Like New York, Philadelphia’s vegan options are ever-evolving.
From the vegan mock meat Asian restaurants I visited decades ago when I briefly contemplated moving to Philly with a friend to all the brief day trips through the passing years, today’s highlights are a quick skimming off the mound of Philly vegan options to get to. Being barely less than 2 hours away, a quick trip is easy and does not require too much pressure or cramming. First, a stop The Market at Miss Rachel’s Pantry.
A fan of Rachel’s vintage aesthetic, her space is adorable firstly.
The case is stocked with some truly unique vegan finds. Golden beet “lox,” “whitefish” salad, housemade nut cheeses, knishes, cakes, quiche pies, etc. These, along with her Market dishes, are a new genre–southern down home Jewish deli.
I had the Hummingbird Cake to start, which is one of those things I will always have to get if available. Trouble is, besides my own attempt, I’ve never seen it vegan! So it is wonderful to have this tall, beautiful slice staring at me.
Nutty, banana-y, spiced–Miss Rachel does a lovely Hummingbird Cake. Though it’s a bit of a southern thing, I am hoping more vegan bakeries will take the cake on!
Next was a grilled cheese on housemade challah bread… with the housemade cheese and tempeh bits. It was a glistening, oozy, salty piece of vegan goodness. But it maybe got a little too salty after repeated bites.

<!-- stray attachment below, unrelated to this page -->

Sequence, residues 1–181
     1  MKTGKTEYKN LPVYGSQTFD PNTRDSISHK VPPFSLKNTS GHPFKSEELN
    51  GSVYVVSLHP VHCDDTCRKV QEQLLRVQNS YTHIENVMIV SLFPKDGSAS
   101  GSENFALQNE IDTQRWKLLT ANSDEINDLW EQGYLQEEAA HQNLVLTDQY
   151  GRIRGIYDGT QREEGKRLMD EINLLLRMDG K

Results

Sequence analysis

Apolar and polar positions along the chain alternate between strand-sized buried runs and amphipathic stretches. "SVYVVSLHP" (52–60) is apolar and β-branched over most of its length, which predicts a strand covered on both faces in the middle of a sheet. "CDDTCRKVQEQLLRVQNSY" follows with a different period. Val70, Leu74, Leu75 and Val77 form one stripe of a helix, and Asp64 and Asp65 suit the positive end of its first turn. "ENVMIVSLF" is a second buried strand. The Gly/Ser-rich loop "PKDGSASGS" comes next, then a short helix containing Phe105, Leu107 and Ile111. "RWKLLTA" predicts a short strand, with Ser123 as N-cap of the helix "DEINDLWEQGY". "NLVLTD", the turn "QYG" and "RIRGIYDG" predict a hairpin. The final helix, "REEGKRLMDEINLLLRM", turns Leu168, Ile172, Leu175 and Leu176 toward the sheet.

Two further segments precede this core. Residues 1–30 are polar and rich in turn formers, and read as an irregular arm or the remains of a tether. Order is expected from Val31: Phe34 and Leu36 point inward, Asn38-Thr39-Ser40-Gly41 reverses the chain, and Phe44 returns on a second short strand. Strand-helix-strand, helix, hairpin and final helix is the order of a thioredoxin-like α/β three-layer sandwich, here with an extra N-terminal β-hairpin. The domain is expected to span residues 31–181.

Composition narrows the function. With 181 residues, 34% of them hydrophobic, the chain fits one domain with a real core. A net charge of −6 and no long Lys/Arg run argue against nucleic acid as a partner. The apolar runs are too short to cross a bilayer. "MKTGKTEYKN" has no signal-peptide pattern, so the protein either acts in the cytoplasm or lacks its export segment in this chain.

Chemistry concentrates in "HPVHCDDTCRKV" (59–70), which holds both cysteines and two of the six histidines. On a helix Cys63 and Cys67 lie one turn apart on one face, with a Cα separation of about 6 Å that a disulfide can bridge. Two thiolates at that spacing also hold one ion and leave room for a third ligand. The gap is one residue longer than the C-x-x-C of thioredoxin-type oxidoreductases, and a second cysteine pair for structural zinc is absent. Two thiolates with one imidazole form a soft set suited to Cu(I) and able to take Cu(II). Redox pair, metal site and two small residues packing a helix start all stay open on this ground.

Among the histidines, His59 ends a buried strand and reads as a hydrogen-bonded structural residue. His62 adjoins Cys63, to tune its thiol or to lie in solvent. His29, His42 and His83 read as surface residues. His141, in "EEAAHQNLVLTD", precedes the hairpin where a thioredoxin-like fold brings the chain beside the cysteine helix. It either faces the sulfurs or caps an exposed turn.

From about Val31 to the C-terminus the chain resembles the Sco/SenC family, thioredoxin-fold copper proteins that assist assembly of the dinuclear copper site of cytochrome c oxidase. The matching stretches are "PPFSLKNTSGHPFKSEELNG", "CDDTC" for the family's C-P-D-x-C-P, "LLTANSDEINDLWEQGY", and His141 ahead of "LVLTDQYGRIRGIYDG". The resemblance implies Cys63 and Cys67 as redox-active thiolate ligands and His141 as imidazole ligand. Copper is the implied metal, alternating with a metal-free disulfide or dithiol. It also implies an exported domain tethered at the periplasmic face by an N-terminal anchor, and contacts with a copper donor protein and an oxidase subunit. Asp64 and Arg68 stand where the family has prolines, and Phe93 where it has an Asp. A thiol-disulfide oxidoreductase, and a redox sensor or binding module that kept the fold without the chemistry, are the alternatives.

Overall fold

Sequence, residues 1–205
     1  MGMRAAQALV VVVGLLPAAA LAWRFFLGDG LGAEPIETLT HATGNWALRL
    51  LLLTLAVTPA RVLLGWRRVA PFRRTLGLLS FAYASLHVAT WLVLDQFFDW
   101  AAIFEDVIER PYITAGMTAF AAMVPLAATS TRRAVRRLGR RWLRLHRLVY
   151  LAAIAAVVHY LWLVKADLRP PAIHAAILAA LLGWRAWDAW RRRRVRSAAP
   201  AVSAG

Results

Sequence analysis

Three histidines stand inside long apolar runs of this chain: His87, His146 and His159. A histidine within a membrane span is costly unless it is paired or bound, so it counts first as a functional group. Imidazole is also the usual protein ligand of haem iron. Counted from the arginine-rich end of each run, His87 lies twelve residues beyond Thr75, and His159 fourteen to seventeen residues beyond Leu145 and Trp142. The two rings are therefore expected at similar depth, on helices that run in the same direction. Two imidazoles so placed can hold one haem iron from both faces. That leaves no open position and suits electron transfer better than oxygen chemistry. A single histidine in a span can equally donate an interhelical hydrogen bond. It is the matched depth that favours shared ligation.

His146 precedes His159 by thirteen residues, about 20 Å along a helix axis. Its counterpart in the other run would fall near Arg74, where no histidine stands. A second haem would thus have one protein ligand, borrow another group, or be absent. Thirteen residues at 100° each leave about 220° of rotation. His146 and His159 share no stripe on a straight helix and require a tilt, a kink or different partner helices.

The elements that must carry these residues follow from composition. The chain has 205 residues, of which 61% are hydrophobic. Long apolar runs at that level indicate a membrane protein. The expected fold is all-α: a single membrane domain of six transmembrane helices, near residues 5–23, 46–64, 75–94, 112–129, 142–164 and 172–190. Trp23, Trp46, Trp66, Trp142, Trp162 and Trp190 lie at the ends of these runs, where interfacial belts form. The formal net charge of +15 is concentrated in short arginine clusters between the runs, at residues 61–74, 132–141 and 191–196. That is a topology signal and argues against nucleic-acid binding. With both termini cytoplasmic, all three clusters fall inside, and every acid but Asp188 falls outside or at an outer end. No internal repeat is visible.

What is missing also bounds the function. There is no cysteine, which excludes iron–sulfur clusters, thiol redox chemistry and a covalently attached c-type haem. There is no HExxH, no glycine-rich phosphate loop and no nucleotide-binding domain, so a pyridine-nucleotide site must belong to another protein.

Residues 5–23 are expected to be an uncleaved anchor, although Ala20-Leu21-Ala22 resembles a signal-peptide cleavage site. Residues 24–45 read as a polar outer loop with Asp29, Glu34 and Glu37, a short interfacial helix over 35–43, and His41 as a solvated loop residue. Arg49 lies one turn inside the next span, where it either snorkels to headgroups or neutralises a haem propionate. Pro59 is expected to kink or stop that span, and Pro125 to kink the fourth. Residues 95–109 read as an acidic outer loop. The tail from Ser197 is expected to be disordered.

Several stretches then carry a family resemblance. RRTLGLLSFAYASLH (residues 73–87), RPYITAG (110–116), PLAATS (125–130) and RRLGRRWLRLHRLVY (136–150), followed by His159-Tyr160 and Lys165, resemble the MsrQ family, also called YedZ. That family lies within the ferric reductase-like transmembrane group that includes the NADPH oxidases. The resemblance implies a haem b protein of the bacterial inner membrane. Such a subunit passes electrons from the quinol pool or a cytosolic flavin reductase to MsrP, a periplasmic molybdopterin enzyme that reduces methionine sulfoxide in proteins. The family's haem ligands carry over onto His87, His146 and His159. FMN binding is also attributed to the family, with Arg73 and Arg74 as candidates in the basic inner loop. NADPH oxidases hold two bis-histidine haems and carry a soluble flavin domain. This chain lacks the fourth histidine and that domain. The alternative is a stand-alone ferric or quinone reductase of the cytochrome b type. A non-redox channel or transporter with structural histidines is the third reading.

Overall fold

Other vegan challah breadmakers, Maywood Pancake House and Rutherford Pancake House, have also stayed with your standard slices rather than the traditional braided. I wonder if a vegan braided challah was ever attempted… Oh, Isa did it! And Blossom! [And this recipe from Earth Balance looks pretty darn good.]
CP’s big ol’ bowl of Mac and Cheese.
Later, another meal. We headed to Front Street Cafe in the heavy gentri neighborhood of Fishtown. I had excitedly viewed the menu from afar and was really looking forward to a vegan Tofu Benedict, my brunch favorite.
I enjoyed this dish a great deal despite it being pretty cold upon arrival… despite it not being a Benny, but more a tofu scramble piled on thick bread. The mushroom-lentil scrapple was yummy, as were the bites with the bright, vegan Hollandaise. I guess the dish just needed much more of that sauce as textures were pretty dry. So yes, thin down that Hollandaise and douse all those other delicious ingredients.
Before heading out, a quick stop at Hip City Veg for a cupcake and a vegan Philly Cheesesteak to go (more on that later).
Though it isn’t really “urban exploration” if you pay an admission fee and grab a headphones set for an audio tour, Eastern State Penitentiary is great stop to explore and roam if you’re in the Philadelphia area. I’m going to tag this post under “urban exploration” anyway, by merit of the beautiful peeling paint.